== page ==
This is the second in a series of Q&As with JEI fellows about the path they’ve taken to financial activism and what they’ve learned along the way. For this post, we interviewed Kristi Fairholm Mader of Scale Collaborative about what it takes to work both in and with communities—and why that’s essential to building a just economy.
JEI: What have you learned from the community organizations you work with about creating resilience and scaling impact?
KFM: We work with community leaders and organizations across Vancouver Island and Canada, and we are constantly learning from them about what it takes to create resilience and scale impact. A few themes consistently emerge across our projects:
Community knows what community needs. Organizations working on the ground are the ones that see the gaps, identify solutions, and have the deep relationships needed to get things done. Funders and wealth holders are most effective when they come from a place of curiosity and respect and offer resources in service of that deep understanding.
Resilient organizations know the value they provide. Resilient organizations have leadership that is innovative and willing to take risks, and a board that is purpose driven and forward thinking. They are unapologetic about requesting and earning the resources required.
Scaling impact is hard without abundant financial resources and capacity. In order to grow and scale, an organization needs enough time and resources to invest in staff, systems, and knowledge development. There is a gap between the deep understanding and solutions that community organizations offer and the system that could support scaling those solutions. Organizations that are able to scale their impact typically have innovative leaders who can find a way across this gulf.
JEI: Can you think of an example of community-led problem-solving that went in an unexpected direction? What did you learn from that?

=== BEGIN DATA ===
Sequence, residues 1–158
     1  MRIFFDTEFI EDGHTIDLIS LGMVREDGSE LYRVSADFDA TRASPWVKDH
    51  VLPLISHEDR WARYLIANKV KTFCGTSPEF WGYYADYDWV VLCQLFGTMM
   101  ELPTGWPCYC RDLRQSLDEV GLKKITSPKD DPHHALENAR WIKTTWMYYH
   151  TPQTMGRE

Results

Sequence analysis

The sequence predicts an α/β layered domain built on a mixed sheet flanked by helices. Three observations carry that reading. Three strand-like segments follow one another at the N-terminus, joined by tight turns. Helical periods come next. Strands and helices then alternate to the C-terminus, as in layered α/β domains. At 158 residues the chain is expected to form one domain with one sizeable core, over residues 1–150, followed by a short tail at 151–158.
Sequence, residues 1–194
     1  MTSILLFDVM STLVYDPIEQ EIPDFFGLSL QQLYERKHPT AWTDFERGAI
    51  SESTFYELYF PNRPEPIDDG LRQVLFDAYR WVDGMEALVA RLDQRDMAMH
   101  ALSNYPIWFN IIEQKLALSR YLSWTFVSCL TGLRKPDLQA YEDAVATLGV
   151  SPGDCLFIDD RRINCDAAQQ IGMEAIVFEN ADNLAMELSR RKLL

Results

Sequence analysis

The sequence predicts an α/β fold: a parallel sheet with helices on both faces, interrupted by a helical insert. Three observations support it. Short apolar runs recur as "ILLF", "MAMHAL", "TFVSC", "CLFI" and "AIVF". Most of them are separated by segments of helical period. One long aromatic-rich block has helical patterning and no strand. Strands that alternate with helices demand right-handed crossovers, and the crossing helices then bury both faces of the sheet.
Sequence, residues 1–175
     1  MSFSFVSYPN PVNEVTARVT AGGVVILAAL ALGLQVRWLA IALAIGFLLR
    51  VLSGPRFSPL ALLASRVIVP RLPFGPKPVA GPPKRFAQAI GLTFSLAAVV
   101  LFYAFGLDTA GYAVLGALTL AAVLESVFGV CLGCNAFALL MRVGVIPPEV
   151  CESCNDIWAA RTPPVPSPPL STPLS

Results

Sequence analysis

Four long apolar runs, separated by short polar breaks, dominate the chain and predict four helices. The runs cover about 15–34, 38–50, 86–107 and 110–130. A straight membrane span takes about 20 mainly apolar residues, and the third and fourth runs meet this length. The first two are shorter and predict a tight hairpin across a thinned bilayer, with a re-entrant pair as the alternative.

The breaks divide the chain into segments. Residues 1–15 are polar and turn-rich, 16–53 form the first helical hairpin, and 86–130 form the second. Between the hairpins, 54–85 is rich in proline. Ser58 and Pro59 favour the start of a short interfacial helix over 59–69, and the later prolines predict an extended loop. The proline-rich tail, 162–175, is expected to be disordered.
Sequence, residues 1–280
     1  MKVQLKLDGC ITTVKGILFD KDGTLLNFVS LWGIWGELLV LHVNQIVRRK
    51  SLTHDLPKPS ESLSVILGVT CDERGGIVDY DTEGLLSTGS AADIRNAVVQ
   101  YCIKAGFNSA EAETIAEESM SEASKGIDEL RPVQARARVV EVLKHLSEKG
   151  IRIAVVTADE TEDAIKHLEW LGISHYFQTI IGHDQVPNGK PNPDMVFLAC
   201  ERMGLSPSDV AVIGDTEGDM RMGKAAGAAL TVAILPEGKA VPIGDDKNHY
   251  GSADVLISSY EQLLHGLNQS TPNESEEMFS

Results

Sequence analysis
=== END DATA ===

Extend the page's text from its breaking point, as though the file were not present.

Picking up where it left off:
KFM: We work with many organizations that are constantly pivoting to meet changing needs. One of them, Sandown Centre for Regenerative Agriculture, gained access to a large plot of municipal land as an incubator space for young farmers. They then realized the land was so degraded that they needed to heal the soil in order to incubate farmers. This led them to further explore regenerative agriculture as a concept and practice, and to broaden their mission to help other farmers in the region learn about regenerative practices and soil health. The initial problem—young farmers needing access to land and knowledge—still exists. But the soil needs care in order for the organization to address that problem and work toward a climate-resilient community.
Every planning approach needs to include scenario and stress testing: Nothing stays the same and situations often are not what they seem once you scratch the surface. The challenge is to develop a framework that can hold planning and modeling but allow for ambiguity and inevitable changes.
JEI: Can you describe the process you use to collaborate with communities and why that is effective?
KFM: Scale Collaborative follows the principle of “go where we are invited” and works by partnering with organizations, foundations, and economic development organizations. We believe in building on what is already happening in a community—we do not want to replace or duplicate—and we are constantly looking for what is emerging.
We build our culture around a set of communication practices: Return emails quickly, reach out in person, take time for conversation, enter with curiosity, seek understanding, recognize the effort and brilliance that exists, ask how we can add to it, respect the relationships that already exist, and showcase the amazing work of others. All these practices help build trusting relationships, which are at the center of our work.
Kristi Fairholm Mader (KFM) has always worked in the social impact sector. After returning to school to complete a business degree, Kristi began exploring social enterprise and enterprising approaches to social change and founded several social enterprise initiatives, including The Cleaning Solution. In 2014, Kristi co-founded Scale Collaborative to support a thriving social change sector on Vancouver Island and beyond. Within Scale’s family of organizations, KFM is the Managing Director of Thrive Impact Fund and is currently developing a community ownership model to place more assets in the ownership and control of local non-profits. Kristi lives in Victoria, BC with her husband, 2 children and a very lazy husky.